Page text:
Top college teams have been scouting and attracting talent around the U.S., and beyond, for years. But a look at these two teams shows how that trend has evolved — especially when we compare their current rosters to their championship teams of the 1990s.

Michigan's roster from 1997, when it last won it all, shows 48 players from in-state, on a roster with 116 names, or about 41% of the total squad. But back then, the out-of-state recruiting effort seemed to focus on Ohio — where it signed 10 players, including Charles Woodson.

The 1997 Wolverines also recruited in other big states known to produce talented athletes, such as Texas (9 players) and Florida (5 players). But it had just four players from California — including Tom Brady, who was then playing behind Brian Griese of Florida.

Washington's 1991 championship roster, or at least the one it printed at the start of the year (a later version wasn't available online), is much more similar — up to a point — to the makeup of today's roster.

The 1991 team included 49 players from California and 60 from Washington, meaning that around 44% of the roster was home-grown. But as we'll see below, Washington has also relied on a new strategy to win: recruiting transfers from other schools.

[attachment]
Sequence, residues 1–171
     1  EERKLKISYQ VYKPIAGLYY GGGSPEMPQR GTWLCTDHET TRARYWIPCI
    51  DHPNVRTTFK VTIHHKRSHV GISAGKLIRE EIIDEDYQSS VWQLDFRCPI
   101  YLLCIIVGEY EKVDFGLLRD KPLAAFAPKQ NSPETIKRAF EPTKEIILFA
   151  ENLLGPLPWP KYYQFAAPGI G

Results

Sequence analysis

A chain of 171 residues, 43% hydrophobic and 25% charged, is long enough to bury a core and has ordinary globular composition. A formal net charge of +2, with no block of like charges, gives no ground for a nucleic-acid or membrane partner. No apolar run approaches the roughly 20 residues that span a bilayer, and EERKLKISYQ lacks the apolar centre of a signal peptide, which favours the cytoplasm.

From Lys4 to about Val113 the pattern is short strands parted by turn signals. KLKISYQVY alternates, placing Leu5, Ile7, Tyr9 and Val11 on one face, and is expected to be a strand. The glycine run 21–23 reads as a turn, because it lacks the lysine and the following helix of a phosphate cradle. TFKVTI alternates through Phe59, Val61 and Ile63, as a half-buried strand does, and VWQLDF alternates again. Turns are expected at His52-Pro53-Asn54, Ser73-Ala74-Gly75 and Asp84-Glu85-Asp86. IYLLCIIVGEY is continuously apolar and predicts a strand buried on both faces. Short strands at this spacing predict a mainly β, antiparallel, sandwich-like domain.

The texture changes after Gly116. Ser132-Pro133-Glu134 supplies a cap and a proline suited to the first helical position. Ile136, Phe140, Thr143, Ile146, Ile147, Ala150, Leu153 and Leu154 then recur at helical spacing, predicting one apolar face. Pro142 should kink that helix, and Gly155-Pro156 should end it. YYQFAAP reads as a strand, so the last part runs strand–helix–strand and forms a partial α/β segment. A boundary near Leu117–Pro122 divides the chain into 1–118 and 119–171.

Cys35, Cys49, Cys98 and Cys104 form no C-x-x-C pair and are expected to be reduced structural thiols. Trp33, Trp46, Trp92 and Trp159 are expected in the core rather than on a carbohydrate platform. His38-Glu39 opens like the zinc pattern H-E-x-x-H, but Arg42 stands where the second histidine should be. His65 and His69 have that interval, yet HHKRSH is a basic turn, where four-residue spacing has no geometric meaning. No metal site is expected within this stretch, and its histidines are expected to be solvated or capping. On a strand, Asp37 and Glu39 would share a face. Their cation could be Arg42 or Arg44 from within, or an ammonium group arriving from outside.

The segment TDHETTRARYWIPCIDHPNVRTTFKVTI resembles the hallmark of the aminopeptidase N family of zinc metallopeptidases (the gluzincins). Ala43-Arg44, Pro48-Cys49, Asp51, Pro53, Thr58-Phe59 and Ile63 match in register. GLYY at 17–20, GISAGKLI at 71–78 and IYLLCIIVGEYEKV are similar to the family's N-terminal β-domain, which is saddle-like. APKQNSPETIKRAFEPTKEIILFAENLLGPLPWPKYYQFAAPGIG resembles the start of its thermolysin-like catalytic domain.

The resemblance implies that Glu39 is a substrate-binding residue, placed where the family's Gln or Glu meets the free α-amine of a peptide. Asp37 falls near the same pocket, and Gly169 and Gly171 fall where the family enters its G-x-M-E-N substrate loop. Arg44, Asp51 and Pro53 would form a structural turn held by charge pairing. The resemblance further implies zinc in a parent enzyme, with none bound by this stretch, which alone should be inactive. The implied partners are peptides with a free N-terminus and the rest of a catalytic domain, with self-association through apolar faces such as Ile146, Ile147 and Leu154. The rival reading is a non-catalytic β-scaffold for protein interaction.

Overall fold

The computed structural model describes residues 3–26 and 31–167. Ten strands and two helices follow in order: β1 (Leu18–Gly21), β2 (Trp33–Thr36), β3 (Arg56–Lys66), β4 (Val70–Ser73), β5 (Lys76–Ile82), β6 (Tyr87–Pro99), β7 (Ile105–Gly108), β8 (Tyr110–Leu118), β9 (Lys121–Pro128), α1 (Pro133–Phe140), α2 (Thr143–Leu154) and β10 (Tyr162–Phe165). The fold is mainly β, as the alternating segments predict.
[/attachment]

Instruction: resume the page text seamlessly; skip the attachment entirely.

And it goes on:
How big a role do the out-of-state players play?

They have been crucial, for both Michigan and Washington.

Looking at Washington's player stats for the 2023 season, a core of key athletes all hail from other states, from Heisman finalist Michael Penix Jr., who is from the Tampa, Fla., area, to otherworldly wide receiver Rome Odunze, who went to high school in Las Vegas.

Edge rusher Bralen Trice, out of Phoenix, has seven sacks to lead the Huskies. Running back Dillon Johnson, a Mississippi native, scored 16 touchdowns for the Huskies — but his status has been in question for the final, due to an injury in the last minute of the Sugar Bowl win over No. 3 Texas a week ago.